The Immortal Life of Henrietta Lacks

1003 Words5 Pages
In 1951, one woman’s misfortune became the ultimate breakthrough and lead to a huge discovery in science. Henrietta Lacks was a lower class African-American woman living in Baltimore, Maryland at the time. She had been suffering from a “knot in her womb” that caused her to experience grave pain. In the 1950’s, a time when hospitals turned away lower class African American patients away, they had access to receive free treatment from the public ward at Johns Hopkins Hospital. Although doctors there agreed to examine these patients, it is questionable how thorough and genuine they were throughout the examination. In 1950, Henrietta gave birth to her youngest daughter Deborah, and by January of 1951 she had a full-blown cancerous tumor in…show more content…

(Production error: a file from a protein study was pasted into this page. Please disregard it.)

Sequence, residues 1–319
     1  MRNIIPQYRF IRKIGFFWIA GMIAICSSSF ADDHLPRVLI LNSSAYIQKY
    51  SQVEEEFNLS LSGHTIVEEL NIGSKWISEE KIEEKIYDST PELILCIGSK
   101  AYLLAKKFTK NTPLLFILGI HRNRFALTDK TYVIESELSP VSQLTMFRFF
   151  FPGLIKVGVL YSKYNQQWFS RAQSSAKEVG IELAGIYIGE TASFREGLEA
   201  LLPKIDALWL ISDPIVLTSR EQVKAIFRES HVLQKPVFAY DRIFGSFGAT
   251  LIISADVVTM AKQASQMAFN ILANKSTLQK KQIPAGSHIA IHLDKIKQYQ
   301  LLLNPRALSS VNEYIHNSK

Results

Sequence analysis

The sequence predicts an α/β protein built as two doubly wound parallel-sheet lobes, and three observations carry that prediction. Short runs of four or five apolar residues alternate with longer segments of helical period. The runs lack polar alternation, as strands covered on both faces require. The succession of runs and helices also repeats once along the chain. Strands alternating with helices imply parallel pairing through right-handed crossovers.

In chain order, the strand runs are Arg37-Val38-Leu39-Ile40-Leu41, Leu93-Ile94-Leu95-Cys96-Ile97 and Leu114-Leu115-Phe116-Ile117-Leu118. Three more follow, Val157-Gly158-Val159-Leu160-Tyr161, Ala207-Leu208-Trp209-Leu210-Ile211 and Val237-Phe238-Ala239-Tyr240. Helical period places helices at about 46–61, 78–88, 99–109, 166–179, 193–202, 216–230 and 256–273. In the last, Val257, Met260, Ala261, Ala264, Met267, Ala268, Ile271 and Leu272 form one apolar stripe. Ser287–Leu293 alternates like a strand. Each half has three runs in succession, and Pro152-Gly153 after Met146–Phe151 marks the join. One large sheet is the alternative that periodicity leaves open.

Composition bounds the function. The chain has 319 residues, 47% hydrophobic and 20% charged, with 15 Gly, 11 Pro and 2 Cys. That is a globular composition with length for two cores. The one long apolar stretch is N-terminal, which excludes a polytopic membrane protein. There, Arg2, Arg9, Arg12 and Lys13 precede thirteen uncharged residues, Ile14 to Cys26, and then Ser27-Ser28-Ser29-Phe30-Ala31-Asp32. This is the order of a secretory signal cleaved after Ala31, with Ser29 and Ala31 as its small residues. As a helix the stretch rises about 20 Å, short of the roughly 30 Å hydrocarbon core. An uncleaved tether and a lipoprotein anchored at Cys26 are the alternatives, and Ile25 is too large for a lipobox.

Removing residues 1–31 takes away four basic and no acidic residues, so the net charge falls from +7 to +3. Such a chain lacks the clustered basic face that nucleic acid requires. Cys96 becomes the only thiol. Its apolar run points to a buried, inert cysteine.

However, nothing they ever provided hospitals and researchers with were for their benefit. The education levels of the Lacks family members were so elementary that they needed people to explain to them what a cell was. They could not read and comprehend scientific journals that researchers rarely gave them in order to better understand the contributions HeLa cells made to cancer research. The family only became aggravated when the first mainstream article published about Henrietta Lacks in Rolling Stone Magazine said that HeLa cells were once being sold for $25 a vial. The actual figures that HeLa cells were bringing in are incalculable, but this was the first (and smallest) figure that the Lacks family members were ever exposed to. The issue that Henrietta’s children began fighting for was regarding how their mother’s cells made so much money, yet they never saw a single penny from it. The ethical debate comes into play as Skloot uncovers the decade debacle on whether or not cells are a patient’s property. The book reveals other cases that were ongoing simultaneously during the early 1980’s in which doctors were taking advantage of patients’ medical records and testing patients in order to make a profit for themselves. For the Lacks family in particular, their inability to hire lawyers and fight for their rights is displayed throughout the novel. The reader is able to see how naïve the family is and how doctors took advantage of them. Henrietta’s daughter, Deborah, at

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